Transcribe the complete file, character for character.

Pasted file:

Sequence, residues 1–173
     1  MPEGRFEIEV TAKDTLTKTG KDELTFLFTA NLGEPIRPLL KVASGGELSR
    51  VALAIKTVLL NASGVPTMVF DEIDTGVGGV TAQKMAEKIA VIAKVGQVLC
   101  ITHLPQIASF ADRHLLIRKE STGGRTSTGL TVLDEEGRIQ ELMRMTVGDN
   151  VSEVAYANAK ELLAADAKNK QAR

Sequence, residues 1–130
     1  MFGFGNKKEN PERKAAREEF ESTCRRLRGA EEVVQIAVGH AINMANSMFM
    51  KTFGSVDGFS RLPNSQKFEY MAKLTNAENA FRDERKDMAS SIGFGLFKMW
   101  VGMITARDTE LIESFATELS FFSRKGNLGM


Sequence, residues 1–173
     1  MPEGRFEIEV TAKDTLTKTG KDELTFLFTA NLGEPIRPLL KVASGGELSR
    51  VALAIKTVLL NASGVPTMVF DEIDTGVGGV TAQKMAEKIA VIAKVGQVLC
   101  ITHLPQIASF ADRHLLIRKE STGGRTSTGL TVLDEEGRIQ ELMRMTVGDN
   151  VSEVAYANAK ELLAADAKNK QAR

Sequence, residues 1–130
     1  MFGFGNKKEN PERKAAREEF ESTCRRLRGA EEVVQIAVGH AINMANSMFM
    51  KTFGSVDGFS RLPNSQKFEY MAKLTNAENA FRDERKDMAS SIGFGLFKMW
   101  VGMITARDTE LIESFATELS FFSRKGNLGM